There’s yet more news from Qantas with reports this week that the airline is going to replace its ageing Boeing 737 freighters over the next few years.
The airline operates four 737-300 freighters and one 737-400 freighter. CH-Aviation reports that they will be retired and replaced over the next two to three years.
The five freighters are operated by Qantas subsidiary, Express Freighters Australia, which is based in Sydney. Express Freighters Australia operates six aircraft, the five Boeing 737’s in question and a sole Boeing 767-300ER, which it flies on behalf of Qantas Freight. The 767-300ER is registered as VH-EFR.
In response to a question about the 737 freight fleet, a spokesperson for Qantas told Simple Flying that;
” We are constantly evaluating options for fleet renewal as part of our long-term planning. No decisions have been made around Qantas Freight’s fleet renewal requirements and our 737 freighters still have some years to run in our fleet.”
This perhaps suggests that stories of the 737’s imminent demise are premature.
What aircraft are being replaced?
The five 737 aircraft in question are VH-XMB, VH-XML, VH-XMO, VH-XMR, and VH-XNH. They have been flying between 29 and 33 years.
The oldest in the fleet, VH-XMB, started flying with Australian Airlines in July 1986 as VH-TAG (Advance). Australian Airlines was a government-owned domestic carrier formerly known as TAA. Qantas took over the airline in 1992 and the following year it was flying under Qantas colours.
The aircraft has spent its entire working life flying for Qantas or one of its subsidiaries, including three years with New Zealand based subsidiary Jetconnect. In 2006, back in Australia, it was re-registered as VH-XMB and in 2007 was converted to a freighter. It has flown in that capacity ever since.
The history of VH-XML is similar. It entered service with Australian Airlines factory fresh at the end of 1986 as VH-TAU (Enterprise) and has variously spent time flying for Qantas and Jetconnect before been re-registered VH-XML in 2006. It was converted to a freighter in 2007, and has been jetting cargo around Australia ever since.
VH-XMO is marginally younger, having entered service with Australian Airlines in the autumn of 1987 as VH-TAW (Progress). It followed a similar trajectory as the two older planes, also flying with Qantas and Jetconnect. It 2006 the aircraft was re-registered as VH-XMO and started flying as a freighter that year.
The fourth aircraft, VH-XMR was brought into service by Australian Airlines in June 1987 as VH-TAY (Valiant). It later spent time flying with Qantas and Jetconnect. VH-TAY was re-registered as VH-XMR in mid-2006 and was converted to and flying as a freighter by early 2007.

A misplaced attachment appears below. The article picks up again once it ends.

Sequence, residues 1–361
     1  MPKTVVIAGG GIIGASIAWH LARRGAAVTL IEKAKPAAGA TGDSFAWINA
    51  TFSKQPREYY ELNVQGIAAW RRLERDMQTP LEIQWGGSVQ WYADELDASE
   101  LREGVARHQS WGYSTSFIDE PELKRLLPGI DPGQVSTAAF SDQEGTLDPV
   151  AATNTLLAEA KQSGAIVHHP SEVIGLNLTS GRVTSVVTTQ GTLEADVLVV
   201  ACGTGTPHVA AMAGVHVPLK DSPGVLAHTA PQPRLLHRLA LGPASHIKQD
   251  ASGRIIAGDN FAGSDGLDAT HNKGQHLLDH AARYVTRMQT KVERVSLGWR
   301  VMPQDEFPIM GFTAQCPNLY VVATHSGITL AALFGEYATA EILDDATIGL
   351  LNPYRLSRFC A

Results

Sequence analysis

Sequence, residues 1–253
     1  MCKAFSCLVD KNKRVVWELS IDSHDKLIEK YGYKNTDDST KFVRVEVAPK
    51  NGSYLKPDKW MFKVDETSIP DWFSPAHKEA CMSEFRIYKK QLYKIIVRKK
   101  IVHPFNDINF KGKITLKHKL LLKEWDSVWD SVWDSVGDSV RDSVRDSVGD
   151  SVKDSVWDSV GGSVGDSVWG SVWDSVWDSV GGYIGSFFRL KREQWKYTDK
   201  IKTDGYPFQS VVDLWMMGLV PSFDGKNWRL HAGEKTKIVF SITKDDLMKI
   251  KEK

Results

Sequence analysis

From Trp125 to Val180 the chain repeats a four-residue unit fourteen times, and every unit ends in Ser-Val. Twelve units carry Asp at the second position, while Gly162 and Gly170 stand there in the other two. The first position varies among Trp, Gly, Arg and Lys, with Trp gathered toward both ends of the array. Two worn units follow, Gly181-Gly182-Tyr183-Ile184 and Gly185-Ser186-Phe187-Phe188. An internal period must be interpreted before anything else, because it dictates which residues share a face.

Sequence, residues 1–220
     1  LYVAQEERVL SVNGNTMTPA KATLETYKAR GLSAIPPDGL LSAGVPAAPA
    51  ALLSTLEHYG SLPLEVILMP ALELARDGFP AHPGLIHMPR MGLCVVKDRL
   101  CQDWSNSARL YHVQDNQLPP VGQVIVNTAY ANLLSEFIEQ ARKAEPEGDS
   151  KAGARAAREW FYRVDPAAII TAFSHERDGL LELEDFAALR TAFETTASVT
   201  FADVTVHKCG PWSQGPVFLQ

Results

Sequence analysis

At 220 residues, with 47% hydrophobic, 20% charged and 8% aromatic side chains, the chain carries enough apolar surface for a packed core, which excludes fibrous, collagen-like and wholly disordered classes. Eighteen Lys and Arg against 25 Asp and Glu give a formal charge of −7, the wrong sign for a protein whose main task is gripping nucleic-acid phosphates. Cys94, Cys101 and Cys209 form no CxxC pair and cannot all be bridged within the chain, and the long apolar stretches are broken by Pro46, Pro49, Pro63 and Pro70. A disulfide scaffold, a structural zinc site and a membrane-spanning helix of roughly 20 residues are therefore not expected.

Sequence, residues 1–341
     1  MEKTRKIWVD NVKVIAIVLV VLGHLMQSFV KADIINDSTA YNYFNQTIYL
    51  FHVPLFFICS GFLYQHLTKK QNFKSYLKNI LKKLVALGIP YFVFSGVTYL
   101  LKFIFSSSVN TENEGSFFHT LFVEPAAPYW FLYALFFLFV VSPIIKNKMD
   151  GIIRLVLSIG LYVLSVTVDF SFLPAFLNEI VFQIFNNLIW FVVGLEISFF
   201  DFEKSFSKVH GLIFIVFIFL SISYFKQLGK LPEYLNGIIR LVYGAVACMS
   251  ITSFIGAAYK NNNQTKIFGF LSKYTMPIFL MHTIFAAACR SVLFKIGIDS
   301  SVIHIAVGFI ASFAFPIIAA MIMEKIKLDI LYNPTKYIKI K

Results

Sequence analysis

Video of the day:
VH-XNH is the sole 737-400 in the collection of freighters Qantas plans to replace. It has a very different flying history to the four 737-300’s. The plane entered service with Air Europe in July 1990 as G-BRKG. Over the next 27 years, it flew under the colors of 10 different airlines including Dan-Air, Ryanair, Air Miles, Xtra Airways, and Excel Airways. It had four different registrations.
Two years ago, already 27 years old, it came to Qantas and started flying freight for them under the Express Freighters Australia brand. It was re-registered as VH-XNH.
Qantas Freight and new 747 freighters.
Qantas flies freight in their passenger aircraft, on dedicated Qantas Freight planes and on subsidiary brands like Express Freighters Australia. In the 2017/2018, freight revenue for the Qantas Group was AUD$862 million.
It’s big business for Qantas. While the Express Freighters Australia aircraft primarily carry freight around Australia, the 767-300ER spends five days a week flying freight between Australia and New Zealand. On Sundays, after flying into Sydney from Christchurch, VH-EFR heads up to Hong Kong before heading back on Monday.
These 747 freighters fly a Sydney-Jakarta-Shanghai-Anchorage-Chicago-Dallas-Los Angeles-Honolulu-Sydney and a Sydney-Shanghai-Anchorage-JFK-Chicago-Honolulu-Sydney schedule each week. That’s a lot of flying.
Qantas Freight Chief Executive, David Andrew, told CH-Aviation;
“We are seeing strong growth in demand driven by e-commerce, fresh produce, electronics and mining equipment across our international freight network,”
Qantas has built a lucrative business flying freight around Australia and the world.
While Qantas is suggesting there 737 freighters will be around for some time yet, they are ageing and their replacement is inevitable. And there’s no sign Qantas will be downsizing their freight capacity or operations.